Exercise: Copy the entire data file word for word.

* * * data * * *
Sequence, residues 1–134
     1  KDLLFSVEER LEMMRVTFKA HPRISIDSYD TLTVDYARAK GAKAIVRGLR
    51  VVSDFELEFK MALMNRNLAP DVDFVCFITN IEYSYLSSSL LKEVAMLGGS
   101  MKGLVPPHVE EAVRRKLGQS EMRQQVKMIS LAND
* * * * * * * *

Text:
Sequence, residues 1–134
     1  KDLLFSVEER LEMMRVTFKA HPRISIDSYD TLTVDYARAK GAKAIVRGLR
    51  VVSDFELEFK MALMNRNLAP DVDFVCFITN IEYSYLSSSL LKEVAMLGGS
   101  MKGLVPPHVE EAVRRKLGQS EMRQQVKMIS LAND